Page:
I do not know much about stats, though I am trying to learn. My understanding is that linear regression not only gives a trend but also a measure of the possible error in the trend estimate.

    Is this true and if so what is the error value for the temperature trend from 2001 that Bolt and others bang on about?

  • 4
    Just Me
    Posted January 17, 2010 at 2:15 pm | Permalink

    “Thanks Possum, I am a lurker on this site and find your posts extrmemly valuable.”

    Me too. Lovely clear explanations of things statistical that I do not pretend to understand well.

  • 5
    Posted January 17, 2010 at 2:32 pm | Permalink

    My projection is that the deniers will completely ignore this post. :)

  • 6
    Captain Col
    Posted January 17, 2010 at 2:52 pm | Permalink

    So Possum, what’s the ‘correct’ way to observe climate change data if a decade is too short? If the long term trend changes for some reason, how long will it take to notice that we should have a second trend line. Presumably, we are allowed to have several trend lines to depict interim variations to the single long term one.

  • 7
    Posted January 17, 2010 at 3:02 pm | Permalink

    You are the wind beneath my wings

  • 8
    Posted January 17, 2010 at 3:25 pm | Permalink

    Thankyou Dog. I am glad, however, that I’m not the wind beneath your angry underpants :-P

  • 9
    Posted January 17, 2010 at 3:39 pm | Permalink

    Very nice post Possum. Very nice indeed.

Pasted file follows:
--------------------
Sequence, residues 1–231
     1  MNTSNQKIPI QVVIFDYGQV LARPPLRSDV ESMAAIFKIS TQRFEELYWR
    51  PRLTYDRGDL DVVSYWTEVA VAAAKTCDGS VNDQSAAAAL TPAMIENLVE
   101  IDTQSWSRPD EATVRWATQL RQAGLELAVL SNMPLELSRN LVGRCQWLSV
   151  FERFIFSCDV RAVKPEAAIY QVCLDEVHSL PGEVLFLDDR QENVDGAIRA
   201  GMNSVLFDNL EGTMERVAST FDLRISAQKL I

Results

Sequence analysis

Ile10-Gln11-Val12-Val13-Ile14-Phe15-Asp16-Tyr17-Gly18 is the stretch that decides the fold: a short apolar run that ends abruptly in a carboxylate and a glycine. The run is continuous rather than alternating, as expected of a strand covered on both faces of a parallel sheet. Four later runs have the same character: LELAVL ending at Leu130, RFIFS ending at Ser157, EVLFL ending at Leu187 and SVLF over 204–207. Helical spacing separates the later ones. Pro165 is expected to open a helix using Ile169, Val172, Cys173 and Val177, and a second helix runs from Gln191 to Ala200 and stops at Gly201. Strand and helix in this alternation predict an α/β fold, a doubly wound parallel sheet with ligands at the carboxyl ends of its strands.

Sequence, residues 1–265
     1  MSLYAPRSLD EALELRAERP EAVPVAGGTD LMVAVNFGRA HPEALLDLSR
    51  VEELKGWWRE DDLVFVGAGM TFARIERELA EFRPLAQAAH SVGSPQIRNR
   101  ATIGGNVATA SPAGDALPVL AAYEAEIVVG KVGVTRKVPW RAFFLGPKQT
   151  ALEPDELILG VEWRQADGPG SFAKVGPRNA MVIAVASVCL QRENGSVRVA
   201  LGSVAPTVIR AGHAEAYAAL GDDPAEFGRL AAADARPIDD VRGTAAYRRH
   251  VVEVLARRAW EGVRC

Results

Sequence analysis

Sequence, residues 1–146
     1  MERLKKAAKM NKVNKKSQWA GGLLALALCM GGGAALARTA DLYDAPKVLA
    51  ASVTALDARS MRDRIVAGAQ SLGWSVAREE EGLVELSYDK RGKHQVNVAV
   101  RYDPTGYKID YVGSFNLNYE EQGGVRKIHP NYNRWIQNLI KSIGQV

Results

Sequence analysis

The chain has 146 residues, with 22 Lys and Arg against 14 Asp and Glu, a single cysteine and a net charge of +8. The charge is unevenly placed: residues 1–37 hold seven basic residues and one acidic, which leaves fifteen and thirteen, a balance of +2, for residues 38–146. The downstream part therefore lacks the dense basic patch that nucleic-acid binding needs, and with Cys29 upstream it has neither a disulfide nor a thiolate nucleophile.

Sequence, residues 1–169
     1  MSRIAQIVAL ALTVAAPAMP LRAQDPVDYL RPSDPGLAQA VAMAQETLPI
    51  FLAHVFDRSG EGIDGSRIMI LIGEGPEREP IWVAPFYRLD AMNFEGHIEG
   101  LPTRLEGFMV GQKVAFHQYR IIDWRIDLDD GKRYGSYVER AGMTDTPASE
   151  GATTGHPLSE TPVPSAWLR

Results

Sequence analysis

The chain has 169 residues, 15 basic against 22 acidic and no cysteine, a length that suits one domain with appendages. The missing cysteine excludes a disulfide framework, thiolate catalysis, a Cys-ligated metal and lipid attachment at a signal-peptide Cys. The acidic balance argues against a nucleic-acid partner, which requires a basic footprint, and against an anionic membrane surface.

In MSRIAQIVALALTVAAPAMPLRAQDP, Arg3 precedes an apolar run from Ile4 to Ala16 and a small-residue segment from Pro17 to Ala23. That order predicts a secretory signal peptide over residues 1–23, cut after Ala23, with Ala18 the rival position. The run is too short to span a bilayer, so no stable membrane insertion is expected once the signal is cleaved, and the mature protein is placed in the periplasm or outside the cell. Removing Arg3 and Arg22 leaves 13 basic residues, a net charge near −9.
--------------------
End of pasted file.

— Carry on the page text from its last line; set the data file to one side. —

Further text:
The only problem is that you STILL haven’t proved global warming to be real! :-P

    Perhaps we need to call Sophie Black and get her to shut your blog down until you actually answer these important and pressing questions.

  • 10
    Posted January 17, 2010 at 3:51 pm | Permalink

    Yes, that’s all well and good but why haven’t you used a fourth order polynomial?

  • 11
    Posted January 17, 2010 at 3:54 pm | Permalink

    Because I was too busy planning to use a 6th degree polynomial!

    :-D :-D

  • 12
    Posted January 17, 2010 at 4:38 pm | Permalink

    Sixth order? That’s just too powerful a statistical tool for warmists to disagree with. The IPCC may as well hang up its boots when papers start publishing sixth order polynomials. Just as well it wasn’t a 7th or Al Gore would’ve been banished back to the fiery bowels of Tennessee.

  • 13
    Posted January 17, 2010 at 4:42 pm | Permalink

    And not just any paper -The Australian. Comes with extra gravitas you know!

  • 14
    Posted January 17, 2010 at 4:53 pm | Permalink

    Captain Col,
    Tamino has addressed the question of how much time is requred before a clear trend in climate atmospheric data can be seen.

    The answer is about 15 years as Tamino shows in the post at the link below:

  • 15
    cud chewer
    Posted January 17, 2010 at 6:24 pm | Permalink

    Steve @14, thanks, that’s exactly the post I’ve been looking for for a long time.

  • 16
    cud chewer
    Posted January 17, 2010 at 6:25 pm | Permalink

    Possum, it would be fun to go further and show how many crimes can be committed with polynomial fits :)

  • 17
    Posted January 17, 2010 at 6:37 pm | Permalink

    That is a brilliant post. Of course, people will misread the plot of starting time versus estimated warming rate as saying that the temperature has been constant since 1975 and that since 1993 the world has been cooling and that the sharp peak at the end is measurement error.

  • 18
    Posted January 17, 2010 at 6:54 pm | Permalink

    Here is a piece by James Hansen and others discussing a range of issues including the topic of this post.

    Note that according to GISS 2009 was the second warmest year on record (after 2005) but its temperature was so close to 1998, 2002, 2003, 2006, and 2007 that all of them (and 2009) are considered equal second hottest.